By Kelsey Givens
A jury found one man not guilty of inappropriately touching a 16-year-old girl, during an incident last year, after a brief two-day trial.
Marco Antonio Soto was on trial Dec. 20 and Dec. 21 for a single count of open and gross lewdness after he was alleged to have rubbed the teenager’s crotch for 20 to 30 seconds one afternoon over the summer while the two were sitting on a couch at his girlfriend’s home. Both Soto and the victim were living with Soto’s girlfriend at the time of the incident.
According to the declaration of arrest in the case, on Sept. 2 Nye County Sheriff’s deputies were called to a home in the 2300 block of McMurray Street for a report of open and gross lewdness.
When they arrived, the victim in the case told police that her guardian’s boyfriend had rubbed her vaginal area, without consent, approximately one month prior.
Police then asked Soto about the allegation, to which he initially replied he never touched the girl. Later, during another interview with a detective at the sheriff’s office, Soto admitted to rubbing the girl on the outside of her clothes under a blanket.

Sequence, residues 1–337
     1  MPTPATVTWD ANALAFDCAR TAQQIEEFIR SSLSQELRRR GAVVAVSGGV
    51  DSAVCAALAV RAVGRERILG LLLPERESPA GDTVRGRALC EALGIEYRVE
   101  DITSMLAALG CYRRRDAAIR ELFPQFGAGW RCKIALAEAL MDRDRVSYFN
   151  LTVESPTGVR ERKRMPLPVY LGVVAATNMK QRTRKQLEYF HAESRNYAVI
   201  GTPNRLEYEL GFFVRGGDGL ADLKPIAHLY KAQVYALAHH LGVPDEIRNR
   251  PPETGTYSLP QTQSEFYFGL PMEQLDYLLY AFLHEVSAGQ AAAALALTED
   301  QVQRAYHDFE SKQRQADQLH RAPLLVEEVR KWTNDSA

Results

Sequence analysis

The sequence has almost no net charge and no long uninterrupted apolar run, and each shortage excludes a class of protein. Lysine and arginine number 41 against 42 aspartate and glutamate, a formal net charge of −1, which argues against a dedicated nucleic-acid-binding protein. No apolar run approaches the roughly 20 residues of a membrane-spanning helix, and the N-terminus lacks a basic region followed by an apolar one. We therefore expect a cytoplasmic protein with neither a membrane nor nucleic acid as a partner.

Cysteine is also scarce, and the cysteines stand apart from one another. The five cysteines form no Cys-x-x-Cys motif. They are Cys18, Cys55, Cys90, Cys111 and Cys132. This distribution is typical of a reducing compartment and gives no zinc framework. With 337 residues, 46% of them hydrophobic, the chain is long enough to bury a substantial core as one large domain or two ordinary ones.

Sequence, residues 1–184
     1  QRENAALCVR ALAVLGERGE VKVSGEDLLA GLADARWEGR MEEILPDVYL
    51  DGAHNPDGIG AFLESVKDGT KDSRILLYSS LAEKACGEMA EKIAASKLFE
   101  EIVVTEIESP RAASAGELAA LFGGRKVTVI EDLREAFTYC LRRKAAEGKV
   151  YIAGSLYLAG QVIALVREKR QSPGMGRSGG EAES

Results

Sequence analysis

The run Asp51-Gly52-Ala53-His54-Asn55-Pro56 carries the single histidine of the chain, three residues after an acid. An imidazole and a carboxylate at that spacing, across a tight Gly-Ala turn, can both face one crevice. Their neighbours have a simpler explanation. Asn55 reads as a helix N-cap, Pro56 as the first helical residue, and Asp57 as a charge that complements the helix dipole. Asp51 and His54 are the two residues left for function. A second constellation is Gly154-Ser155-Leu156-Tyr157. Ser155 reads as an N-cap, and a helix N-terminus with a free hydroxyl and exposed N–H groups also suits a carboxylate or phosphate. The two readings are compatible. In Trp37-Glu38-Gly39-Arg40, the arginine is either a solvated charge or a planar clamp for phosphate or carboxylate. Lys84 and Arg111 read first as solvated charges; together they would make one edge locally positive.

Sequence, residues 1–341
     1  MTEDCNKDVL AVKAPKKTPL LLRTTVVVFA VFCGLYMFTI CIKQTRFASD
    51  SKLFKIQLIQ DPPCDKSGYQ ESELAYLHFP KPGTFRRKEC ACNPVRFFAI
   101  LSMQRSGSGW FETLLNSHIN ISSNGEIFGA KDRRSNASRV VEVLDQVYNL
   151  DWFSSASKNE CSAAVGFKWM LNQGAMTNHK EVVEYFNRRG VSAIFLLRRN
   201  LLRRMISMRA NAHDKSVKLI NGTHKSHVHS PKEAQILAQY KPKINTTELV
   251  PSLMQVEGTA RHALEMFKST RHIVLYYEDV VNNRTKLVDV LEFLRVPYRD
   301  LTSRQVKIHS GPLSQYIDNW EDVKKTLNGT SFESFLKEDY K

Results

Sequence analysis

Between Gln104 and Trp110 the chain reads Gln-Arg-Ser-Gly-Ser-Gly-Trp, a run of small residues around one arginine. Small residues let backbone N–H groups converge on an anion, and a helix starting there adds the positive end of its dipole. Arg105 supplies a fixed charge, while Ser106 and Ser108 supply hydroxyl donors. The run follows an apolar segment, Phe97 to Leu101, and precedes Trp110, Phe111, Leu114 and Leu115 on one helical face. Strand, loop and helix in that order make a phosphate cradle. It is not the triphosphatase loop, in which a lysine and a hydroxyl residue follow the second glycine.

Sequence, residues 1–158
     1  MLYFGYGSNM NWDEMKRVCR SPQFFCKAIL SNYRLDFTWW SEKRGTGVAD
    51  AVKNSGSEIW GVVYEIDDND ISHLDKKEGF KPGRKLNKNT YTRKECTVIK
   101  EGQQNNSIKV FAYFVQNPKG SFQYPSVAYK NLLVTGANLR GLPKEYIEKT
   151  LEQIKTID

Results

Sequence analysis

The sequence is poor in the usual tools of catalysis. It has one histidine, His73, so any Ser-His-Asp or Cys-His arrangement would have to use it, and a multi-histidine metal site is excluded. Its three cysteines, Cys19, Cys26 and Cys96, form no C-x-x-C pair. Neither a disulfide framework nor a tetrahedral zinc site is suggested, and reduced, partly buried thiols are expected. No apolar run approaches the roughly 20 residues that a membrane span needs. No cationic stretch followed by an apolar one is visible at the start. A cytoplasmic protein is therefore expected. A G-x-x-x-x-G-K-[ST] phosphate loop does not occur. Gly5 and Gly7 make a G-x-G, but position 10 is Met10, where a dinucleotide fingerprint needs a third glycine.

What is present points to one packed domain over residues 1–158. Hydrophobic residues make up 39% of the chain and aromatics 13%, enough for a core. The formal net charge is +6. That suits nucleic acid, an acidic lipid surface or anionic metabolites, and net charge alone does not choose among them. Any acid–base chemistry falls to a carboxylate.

He was subsequently arrested on a charge of open and gross lewdness and on Sept. 11 charged by the district attorney’s office.
The defense argued that while Soto had admitted to the act during an interview with police, he should be found not guilty of the crime since there was the possible appearance, or at least mistaken appearance, of consent to the act when the girl didn’t immediately push his hand away or tell him to stop.
Prosecutor Ross Armstrong, however, argued that it was clear there was never consent for Soto to touch the teenager and that his actions were clearly unwanted as the girl did eventually push his hand away and left the room.
The jury heard from several witnesses in the case, including the victim, before handing down the verdict last Friday.
One of the first witnesses to testify was the 16-year-old girl at the center of this case, who recounted for the court what happened during the alleged incident.
She said on the day of the incident she had sat down on the other end of the couch where Soto was sitting, playing video games. Soon after, Soto reached across the couch and placed his hand in her lap.
After what both she and Soto believe was 20 or 30 seconds of him rubbing her inappropriately she pushed his hand away, got up and went to another room to play a board game with her brother.
When asked why she waited approximately a month before telling anyone what had happened between her and Soto, the girl answered that she was uncomfortable talking about what had occurred.
“I wasn’t comfortable telling anybody about that,” she said.
She did eventually tell her friend a month later about what happened, but police weren’t called to investigate the incident until the girl’s grandmother found out about it.